Noting that it expects the U.S. trucking industry to spend $22 billion more on fuel this year than in 2007, the ATA is urging Congress and the Bush administration to take whatever steps might be necessary to improve the fuel supply, including supporting increased refining capacity and the ``environmentally sound'' exploration of Alaska's Arctic National Wildlife Refuge and Outer Continental Shelf.
``The trucking industry is making great strides in its efforts to reduce overall fuel consumption,'' said ATA President and CEO Bill Graves in a statement. ``But an affordable supply of diesel fuel is imperative to keep our trucks moving. There is little to suggest that fuel prices will decline any time soon. Yet every day, ATA hears new stories from its members about how escalating fuel prices are hurting their businesses and affecting their livelihood.''
Mr. Graves wrote President Bush in mid-March, urging him to consider using oil from the SPR to help ``burst the bubble in the crude oil market.''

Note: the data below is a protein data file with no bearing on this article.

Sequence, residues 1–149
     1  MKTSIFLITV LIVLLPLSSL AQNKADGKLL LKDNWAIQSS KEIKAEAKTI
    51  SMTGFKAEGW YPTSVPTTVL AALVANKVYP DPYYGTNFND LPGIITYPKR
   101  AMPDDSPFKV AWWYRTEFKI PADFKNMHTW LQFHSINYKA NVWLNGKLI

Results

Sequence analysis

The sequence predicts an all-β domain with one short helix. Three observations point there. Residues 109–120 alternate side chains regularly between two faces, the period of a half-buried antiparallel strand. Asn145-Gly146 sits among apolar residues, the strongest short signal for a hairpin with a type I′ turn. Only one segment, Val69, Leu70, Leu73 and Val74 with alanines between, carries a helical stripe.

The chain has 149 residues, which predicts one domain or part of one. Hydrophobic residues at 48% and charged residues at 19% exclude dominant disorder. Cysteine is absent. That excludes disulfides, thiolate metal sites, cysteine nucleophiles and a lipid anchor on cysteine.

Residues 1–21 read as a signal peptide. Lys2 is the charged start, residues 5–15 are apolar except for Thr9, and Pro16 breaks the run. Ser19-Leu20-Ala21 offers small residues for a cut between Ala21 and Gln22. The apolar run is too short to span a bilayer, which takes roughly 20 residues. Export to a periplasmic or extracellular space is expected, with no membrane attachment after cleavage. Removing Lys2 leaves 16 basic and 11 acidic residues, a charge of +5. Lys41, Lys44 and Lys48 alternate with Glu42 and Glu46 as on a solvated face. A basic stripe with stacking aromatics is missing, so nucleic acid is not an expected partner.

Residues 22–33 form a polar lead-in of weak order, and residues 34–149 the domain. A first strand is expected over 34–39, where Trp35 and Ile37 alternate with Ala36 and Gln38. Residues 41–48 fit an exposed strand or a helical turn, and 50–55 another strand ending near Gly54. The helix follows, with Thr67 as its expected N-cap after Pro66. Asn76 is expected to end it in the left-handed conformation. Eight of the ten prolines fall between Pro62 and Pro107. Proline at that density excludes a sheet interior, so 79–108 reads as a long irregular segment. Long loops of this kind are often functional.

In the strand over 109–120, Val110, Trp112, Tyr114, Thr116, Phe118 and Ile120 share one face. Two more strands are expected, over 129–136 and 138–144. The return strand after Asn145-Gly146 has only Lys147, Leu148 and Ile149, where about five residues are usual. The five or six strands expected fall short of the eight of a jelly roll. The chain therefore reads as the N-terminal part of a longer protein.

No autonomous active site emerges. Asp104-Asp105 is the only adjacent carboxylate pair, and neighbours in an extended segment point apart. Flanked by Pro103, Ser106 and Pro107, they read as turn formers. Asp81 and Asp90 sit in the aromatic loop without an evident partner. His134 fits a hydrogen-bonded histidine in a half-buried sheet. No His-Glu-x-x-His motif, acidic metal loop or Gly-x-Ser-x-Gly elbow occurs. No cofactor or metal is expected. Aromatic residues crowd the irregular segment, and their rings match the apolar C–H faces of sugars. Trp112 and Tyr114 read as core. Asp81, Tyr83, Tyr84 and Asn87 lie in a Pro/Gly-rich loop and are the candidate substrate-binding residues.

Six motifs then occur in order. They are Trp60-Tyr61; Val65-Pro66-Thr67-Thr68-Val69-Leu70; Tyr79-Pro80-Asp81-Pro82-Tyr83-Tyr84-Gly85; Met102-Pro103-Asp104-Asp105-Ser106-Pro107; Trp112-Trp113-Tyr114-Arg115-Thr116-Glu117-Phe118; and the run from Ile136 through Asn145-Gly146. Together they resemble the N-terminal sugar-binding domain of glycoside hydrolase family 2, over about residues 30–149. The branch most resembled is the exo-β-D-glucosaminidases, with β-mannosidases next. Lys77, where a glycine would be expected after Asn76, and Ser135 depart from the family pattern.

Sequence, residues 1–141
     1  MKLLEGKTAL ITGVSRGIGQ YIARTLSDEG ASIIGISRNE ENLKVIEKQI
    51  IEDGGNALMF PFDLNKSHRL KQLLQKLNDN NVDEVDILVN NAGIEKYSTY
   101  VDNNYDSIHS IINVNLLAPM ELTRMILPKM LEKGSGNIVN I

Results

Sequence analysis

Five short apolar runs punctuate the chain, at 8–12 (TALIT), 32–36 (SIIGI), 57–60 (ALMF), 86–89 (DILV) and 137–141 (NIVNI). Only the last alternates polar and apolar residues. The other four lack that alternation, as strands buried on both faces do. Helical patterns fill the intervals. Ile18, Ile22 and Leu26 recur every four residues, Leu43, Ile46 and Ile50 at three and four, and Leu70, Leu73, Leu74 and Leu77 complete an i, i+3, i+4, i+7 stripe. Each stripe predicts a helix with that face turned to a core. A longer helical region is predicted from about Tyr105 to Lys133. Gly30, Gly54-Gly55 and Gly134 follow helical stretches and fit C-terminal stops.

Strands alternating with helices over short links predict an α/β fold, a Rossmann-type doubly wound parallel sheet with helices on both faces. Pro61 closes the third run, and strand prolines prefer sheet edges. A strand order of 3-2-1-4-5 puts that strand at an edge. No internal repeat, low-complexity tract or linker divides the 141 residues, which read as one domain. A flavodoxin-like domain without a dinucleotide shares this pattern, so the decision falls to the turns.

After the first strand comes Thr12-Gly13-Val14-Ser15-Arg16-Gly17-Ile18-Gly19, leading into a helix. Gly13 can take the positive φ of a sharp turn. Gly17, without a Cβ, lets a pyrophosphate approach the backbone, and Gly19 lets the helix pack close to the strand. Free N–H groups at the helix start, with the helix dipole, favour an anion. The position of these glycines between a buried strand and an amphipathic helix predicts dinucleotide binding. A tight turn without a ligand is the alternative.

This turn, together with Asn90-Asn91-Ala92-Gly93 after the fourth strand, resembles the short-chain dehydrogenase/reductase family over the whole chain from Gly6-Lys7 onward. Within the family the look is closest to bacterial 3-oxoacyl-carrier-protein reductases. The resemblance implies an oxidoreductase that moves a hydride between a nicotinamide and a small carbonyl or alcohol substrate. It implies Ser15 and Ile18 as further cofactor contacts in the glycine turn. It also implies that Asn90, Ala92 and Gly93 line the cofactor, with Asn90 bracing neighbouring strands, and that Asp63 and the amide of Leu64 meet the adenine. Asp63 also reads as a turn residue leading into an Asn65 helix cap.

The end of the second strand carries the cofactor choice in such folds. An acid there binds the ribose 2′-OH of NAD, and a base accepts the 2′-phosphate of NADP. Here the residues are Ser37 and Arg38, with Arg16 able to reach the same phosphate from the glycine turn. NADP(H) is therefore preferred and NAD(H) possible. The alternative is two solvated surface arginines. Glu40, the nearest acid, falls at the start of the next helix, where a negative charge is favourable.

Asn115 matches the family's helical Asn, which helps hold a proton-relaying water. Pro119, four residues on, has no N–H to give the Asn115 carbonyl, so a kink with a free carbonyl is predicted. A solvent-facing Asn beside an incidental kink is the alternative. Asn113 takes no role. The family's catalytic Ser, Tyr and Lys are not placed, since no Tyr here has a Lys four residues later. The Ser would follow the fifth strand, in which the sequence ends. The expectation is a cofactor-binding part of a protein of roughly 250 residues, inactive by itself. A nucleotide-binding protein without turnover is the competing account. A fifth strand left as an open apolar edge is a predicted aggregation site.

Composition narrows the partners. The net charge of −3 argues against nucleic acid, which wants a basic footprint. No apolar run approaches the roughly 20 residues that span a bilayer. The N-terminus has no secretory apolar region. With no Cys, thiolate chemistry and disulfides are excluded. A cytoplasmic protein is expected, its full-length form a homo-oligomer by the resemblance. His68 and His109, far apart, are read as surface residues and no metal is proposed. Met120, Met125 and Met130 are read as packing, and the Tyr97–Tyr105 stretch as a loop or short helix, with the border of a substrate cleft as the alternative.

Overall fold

He also argued in his letter that oil markets are out of adjustment because ``many hedge funds drive up the price of crude based on speculation. We need something to break that chain, and an SPR release could do it.''
The ATA estimates the U.S. trucking industry will spend $135 billion for fuel in 2008 based on current fuel price forecasts, up nearly 20 percent over 2007.
Historically, fuel represents the second-highest operating expense for motor carriers-accounting for as much as 25 percent of total operating costs-but for some motor carriers, fuel is beginning to surpass labor as their largest expense, Mr. Graves said.